By Thomas Madison
Many Trump critics (read Trump haters) have been attempting to downplay the Palin endorsement, calling her horrible names and claiming she has no loyal following, so the benefit of her endorsement of The Donald would be negligible.
Really? Palin has no following? That is beyond absurd. Sarah Palin remains one of the strongest conservatives in American politics today, with a YUGE army of devoted followers.
Here is what Sarah Palin’s endorsement has meant for Trump. On the day of her endorsement (January 19, 2016), The Donald was at 33.4%, according to Reuters polling, followed by Ted Cruz, at 16.3%, a 17-point bulge. Reuters’ newest national GOP presidential polling (January 22, 2016) has Trump at 40.6% to second-place Cruz’s 10.5%, a 30-point edge in Trump’s favor.
In the three days since Sarah Palin’s endorsement, Trump’s poll numbers have spiked 7 points, while Cruz has dropped 6 points, a 13-point swing, nationally. Anyone still think Sarah Palin’s endorsement was meaningless?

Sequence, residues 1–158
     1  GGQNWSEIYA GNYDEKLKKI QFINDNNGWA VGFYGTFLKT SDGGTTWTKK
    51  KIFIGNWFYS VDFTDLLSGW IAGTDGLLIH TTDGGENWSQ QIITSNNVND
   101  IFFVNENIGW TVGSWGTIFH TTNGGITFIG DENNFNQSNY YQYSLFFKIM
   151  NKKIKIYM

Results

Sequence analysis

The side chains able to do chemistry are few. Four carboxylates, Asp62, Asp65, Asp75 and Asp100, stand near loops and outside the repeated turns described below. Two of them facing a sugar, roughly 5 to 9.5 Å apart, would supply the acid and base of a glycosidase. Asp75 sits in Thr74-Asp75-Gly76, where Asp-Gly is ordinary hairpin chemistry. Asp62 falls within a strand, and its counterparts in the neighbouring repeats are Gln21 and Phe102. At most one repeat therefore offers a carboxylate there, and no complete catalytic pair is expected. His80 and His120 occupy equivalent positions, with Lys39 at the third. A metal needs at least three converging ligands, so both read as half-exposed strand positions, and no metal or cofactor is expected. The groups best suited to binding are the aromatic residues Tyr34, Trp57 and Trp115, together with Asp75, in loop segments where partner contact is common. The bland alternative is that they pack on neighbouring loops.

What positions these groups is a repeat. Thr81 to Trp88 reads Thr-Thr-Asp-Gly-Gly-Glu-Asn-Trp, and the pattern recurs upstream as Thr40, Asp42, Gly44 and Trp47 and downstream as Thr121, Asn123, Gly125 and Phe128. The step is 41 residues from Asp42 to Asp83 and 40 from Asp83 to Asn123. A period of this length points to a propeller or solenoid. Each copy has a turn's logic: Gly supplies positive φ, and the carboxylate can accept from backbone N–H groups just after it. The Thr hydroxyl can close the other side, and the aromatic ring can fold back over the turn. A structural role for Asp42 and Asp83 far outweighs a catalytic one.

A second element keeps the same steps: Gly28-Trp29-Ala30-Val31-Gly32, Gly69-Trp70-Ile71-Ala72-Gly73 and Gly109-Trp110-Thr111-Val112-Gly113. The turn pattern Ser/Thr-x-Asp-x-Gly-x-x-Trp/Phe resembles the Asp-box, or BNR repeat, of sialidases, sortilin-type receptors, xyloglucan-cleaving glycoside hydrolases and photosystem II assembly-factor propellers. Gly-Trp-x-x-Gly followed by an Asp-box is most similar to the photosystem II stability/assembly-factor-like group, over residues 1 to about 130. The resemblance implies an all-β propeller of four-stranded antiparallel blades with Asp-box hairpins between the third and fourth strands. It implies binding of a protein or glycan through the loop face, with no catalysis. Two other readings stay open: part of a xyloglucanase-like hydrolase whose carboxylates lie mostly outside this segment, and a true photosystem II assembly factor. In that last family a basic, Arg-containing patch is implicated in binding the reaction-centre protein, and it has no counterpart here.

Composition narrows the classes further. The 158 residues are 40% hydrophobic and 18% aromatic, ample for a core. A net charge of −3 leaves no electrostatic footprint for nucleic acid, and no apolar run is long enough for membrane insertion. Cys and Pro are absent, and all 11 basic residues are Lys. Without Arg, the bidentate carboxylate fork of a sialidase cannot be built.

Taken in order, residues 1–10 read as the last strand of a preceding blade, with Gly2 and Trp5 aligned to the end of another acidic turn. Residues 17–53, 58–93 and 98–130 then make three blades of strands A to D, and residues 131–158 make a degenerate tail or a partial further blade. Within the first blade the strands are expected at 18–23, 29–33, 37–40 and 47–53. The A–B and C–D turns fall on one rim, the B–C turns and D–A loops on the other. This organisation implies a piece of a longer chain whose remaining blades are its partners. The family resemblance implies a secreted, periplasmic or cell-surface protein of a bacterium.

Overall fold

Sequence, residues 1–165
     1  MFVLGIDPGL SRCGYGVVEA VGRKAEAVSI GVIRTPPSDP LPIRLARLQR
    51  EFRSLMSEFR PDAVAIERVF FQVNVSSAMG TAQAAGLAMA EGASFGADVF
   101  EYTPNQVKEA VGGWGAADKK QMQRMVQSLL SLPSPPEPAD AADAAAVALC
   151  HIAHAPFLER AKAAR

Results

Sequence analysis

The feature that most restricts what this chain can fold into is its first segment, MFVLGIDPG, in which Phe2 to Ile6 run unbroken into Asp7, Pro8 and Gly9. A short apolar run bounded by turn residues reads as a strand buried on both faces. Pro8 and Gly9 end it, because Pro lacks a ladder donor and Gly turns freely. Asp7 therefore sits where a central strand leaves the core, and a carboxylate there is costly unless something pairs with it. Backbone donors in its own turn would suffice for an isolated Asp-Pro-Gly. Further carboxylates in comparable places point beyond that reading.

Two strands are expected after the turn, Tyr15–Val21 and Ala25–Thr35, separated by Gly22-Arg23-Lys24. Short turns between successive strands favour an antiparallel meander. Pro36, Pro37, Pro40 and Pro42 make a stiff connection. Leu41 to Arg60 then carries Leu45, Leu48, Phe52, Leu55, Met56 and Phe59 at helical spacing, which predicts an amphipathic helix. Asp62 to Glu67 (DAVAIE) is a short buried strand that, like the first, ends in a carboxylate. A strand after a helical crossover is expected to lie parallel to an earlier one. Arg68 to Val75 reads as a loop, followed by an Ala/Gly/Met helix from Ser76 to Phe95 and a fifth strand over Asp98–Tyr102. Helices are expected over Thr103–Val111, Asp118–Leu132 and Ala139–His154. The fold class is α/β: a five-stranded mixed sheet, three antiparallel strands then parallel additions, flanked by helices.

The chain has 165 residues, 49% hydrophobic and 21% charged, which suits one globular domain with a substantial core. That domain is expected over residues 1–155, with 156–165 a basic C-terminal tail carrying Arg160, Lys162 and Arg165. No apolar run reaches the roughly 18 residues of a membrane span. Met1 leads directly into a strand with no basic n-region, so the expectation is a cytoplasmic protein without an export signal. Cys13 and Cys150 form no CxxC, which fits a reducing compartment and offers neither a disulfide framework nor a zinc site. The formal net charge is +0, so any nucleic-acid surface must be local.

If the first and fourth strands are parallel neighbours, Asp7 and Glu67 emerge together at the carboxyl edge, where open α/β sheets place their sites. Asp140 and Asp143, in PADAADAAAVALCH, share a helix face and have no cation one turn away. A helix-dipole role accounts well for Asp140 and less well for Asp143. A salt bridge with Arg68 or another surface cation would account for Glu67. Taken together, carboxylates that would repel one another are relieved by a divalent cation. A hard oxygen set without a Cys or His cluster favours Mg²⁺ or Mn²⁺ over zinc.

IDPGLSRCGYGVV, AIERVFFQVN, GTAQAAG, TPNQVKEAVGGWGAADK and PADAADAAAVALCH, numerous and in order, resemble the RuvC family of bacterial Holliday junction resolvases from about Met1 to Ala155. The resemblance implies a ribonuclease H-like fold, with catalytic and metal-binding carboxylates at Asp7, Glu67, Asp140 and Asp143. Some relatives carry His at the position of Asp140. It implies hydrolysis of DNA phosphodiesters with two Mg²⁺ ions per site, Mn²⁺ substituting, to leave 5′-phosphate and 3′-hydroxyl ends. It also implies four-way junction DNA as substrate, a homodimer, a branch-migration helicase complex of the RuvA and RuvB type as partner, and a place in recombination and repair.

From Steve Holland, Reuters
Republican front-runner candidate Donald Trump has a big lead in the race for the 2016 presidential nomination nationally, swamping his opponents with a 40.6 percent share of those surveyed, a Reuters-Ipsos tracking poll found on Friday.
The survey of 582 respondents found Trump with a higher percentage of the vote than his next four challengers combined, with Texas Senator Ted Cruz drawing 10.5 percent, retired neurosurgeon Ben Carson with 9.7 percent, former Florida Governor Jeb Bush at 9.2 percent and Florida Senator Marco Rubio with 7.2 percent.
In a hypothetical matchup between Democratic front-runner Hillary Clinton and Trump, Clinton holds a statistically insignificant lead of 41.4 percent to 40.8 percent.
Trump has been leading national polls of Republican voters for months. He also holds a lead in some polls in the early voting states of Iowa and New Hampshire with the Iowa caucuses just days away on Feb. 1.
A separate Reuters-Ipsos poll on Friday found the U.S. economy re-emerging as a major concern for voters. Economic concerns had taken a back seat to fears of terrorism after last year’s Islamic State attacks in Paris.
The survey of 1,614 respondents found terrorism a top concern at 20.3 percent, but the U.S. economy close behind at 18.2 percent.